Tips for buying hosted software
- By Steve Ulfelder
For software decision makers and others charged with purchasing business software, SaaS will be both novel and familiar. The fundamental principles of contract negotiation haven’t changed just because a new buzzword has been added to the lexicon. You’ll still need to determine how many seats you need for a given app, then determine the term of the contract, and finally seek the deepest discounts. The typical SaaS contract structure charges $X per month (or quarter) for Y end users.
That’s where the novelty comes in. The usual host-it-yourself software license does not include maintenance or support fees, but most SaaS fees cover support and maintenance. During the first ASP boomlet from the late 1990s to 2001, many providers had little idea what their own expenses were, according to Herb Van Hook, an independent industry analyst, and this Business 101 failure hastened their demise when the dot-com frenzy subsided.
Today, by contrast, "Most ASPs have done a better job figuring out their cost structure and business model, so their pricing is much closer to reasonable from the seller’s point of view, and there’s less room for discounting," Van Hook says.
Also, many enterprise software vendors are offering hosted versions of their tools at relatively low margins in hopes of overcoming buyers’ skepticism. Unishippers CIO Kevin Lathrop says when his company negotiated with IBM for a hosted version of Seibel’s CRM application, IBM was "really aggressive and creative—they were very flexible on a lot of factors."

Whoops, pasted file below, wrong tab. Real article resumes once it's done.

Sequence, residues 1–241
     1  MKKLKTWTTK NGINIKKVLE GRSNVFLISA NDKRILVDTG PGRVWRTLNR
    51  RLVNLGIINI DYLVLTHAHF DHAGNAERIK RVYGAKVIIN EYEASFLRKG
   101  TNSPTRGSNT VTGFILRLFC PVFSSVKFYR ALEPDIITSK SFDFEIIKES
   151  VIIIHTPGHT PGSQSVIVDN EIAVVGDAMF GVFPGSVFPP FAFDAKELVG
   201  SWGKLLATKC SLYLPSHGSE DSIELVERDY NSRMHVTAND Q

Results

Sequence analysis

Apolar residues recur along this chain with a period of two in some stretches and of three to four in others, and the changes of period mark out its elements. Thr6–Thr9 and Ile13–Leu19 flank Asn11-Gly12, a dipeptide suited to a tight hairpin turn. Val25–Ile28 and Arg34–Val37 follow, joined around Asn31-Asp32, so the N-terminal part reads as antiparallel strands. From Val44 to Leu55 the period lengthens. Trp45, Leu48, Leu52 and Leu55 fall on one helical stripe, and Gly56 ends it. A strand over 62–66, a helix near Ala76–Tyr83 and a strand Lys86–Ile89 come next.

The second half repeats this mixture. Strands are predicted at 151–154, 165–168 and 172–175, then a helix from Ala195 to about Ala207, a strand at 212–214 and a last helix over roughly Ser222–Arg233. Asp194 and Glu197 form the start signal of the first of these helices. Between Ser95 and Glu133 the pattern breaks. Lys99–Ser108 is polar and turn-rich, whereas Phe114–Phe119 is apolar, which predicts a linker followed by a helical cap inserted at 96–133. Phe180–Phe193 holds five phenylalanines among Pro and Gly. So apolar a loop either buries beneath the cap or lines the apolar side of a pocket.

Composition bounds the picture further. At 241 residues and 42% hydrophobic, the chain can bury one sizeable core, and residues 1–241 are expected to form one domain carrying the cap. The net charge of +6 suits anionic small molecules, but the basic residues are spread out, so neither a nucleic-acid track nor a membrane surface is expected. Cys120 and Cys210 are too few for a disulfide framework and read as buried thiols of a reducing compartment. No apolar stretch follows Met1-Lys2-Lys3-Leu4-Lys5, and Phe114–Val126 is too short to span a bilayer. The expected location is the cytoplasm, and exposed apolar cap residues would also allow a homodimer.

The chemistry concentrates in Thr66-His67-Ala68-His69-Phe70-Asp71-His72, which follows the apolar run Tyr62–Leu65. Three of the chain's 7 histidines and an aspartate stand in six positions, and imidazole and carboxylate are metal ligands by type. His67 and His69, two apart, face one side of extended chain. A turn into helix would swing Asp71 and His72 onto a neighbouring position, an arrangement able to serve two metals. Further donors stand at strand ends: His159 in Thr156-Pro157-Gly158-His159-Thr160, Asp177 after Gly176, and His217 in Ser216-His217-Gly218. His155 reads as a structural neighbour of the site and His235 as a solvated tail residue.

For these reasons, you probably won’t be able to negotiate the massive discounts common in the traditional packaged-software industry, in which list price is generally something of a joke. "With this [hosted] model, you’ve got to keep in mind the deep discounts won’t be there," Hoch says. According to Van Hook, volume is your most fruitful negotiation point; to lower your cost per seat, add more seats.
Here are some other negotiating tips:
• Differentiate configuration and customization. Be sure your contract spells out what the vendor considers configuration—easily performed changes in the app such as user-interface modifications and frequency of report delivery—and what changes the vendor says are customization. The latter is expensive, while the former should be free or nearly so. If you fail to define this, your supplier may try to hit you with customization fees when you ask that the default release be tweaked in any way.
• Look at the provider’s stability. It’s especially important in an immature field such as SaaS. At some point, consolidation is inevitable. Indeed, Lathrop says two of the vendors Unishippers considered last year have since gone belly-up.
• They have your data. "You need to have an exit strategy," Van Hook says. Be sure to negotiate transition support: how long it will take the provider to return or hand off your data, what notice is required on both sides, and so on.
• Cover all the bases. A SaaS contract is more an outsourcing deal than a software purchase, so negotiate accordingly. Get SLAs on availability, response times, notifications of outages and how soon after a failure you must be notified. Other issues you must address: regulatory compliance, data integrity, data privacy, frequency of backup, support and disaster recovery.
• Budget for surprises. Even when you think your bases are covered, you may run into nasty surprises. Unishippers’ CIO, Kevin Lathrop, says the "only black eye" he gives IBM’s SaaS is poor monitoring and notification of system health. Unishippers had to build its own monitoring system, a “totally unanticipated” layer and expense, he says.
Steve Ulfelder is a freelance technology and automotive writer.